The American realist who made it into Art & Queer Culture
Thomas Eakins was born on this day in 1844. Was he a dispassionate admirer of the male form or a queer pioneer?
It is impossible to know whether Thomas Eakins – who was born today, 25 July, back in 1844 - would be considered to be a member of the LGBT community, as we understand it today.
However, the great American realist painter, who studied in Europe before gaining fame in his native Philadelphia, certainly appreciated the male form.
“Eakins’ career was beset by scandal and accusations about his moral standards, in part because of his practice of exposing his female students to nude male models,” explains the text in our newly updated title, Art & Queer Culture. “Swimming, based on a series of photographs that Eakins made of students in the flooded field of a copper mill, forced the painter’s resignation from the Pennsylvania Academy.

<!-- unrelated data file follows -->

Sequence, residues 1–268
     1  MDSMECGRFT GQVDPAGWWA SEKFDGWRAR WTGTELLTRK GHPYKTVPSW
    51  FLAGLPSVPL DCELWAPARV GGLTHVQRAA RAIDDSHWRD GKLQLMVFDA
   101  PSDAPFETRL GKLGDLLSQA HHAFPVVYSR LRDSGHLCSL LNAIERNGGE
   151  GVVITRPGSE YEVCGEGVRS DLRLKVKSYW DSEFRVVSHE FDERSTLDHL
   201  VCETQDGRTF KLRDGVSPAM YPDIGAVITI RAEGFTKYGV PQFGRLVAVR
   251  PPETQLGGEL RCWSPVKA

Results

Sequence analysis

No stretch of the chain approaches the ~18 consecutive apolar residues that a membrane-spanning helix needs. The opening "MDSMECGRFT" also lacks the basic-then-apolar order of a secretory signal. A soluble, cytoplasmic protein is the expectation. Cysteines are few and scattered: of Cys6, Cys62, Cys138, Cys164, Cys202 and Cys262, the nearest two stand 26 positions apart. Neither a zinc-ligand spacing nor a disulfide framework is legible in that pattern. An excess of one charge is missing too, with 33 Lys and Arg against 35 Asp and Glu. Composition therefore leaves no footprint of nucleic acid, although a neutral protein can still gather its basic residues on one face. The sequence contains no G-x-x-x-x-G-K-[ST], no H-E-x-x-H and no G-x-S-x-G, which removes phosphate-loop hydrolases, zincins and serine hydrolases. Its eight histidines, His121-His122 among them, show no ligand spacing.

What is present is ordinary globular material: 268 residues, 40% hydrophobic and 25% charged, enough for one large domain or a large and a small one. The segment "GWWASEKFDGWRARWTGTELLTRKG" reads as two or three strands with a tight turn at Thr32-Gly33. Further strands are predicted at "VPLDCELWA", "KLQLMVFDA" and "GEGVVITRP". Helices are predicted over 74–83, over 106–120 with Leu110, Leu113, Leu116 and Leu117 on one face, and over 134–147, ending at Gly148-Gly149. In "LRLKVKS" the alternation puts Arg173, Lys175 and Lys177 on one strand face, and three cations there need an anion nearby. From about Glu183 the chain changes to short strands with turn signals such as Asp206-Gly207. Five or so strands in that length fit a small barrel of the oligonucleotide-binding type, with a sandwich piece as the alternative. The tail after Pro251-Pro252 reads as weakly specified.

“Eakins generally favoured the male nude over the female. ‘She is’, he famously wrote, referring to the naked woman, ‘the most beautiful thing there is – except a naked man.’ This is not to say that Eakins was gay, in the contemporary sense of the word, but that interpreting his explorations of the naked human body is a matter of controversy. Eakins’ paintings and photographs have been used to bolster claims for his importance as a realistic painter of heterosexual American masculinity and to argue for his significance as a pioneer in a male homoerotic tradition of visual art.”
Indeed, some scholars trace homoeroticism in American art back to his works, such as Swimming. While his own inner desire may remain obscure, the work’s beauty remains wholly clear, 175 years after the artist’s birth. For more on art and queer culture, order a copy of Art & Queer Culture here.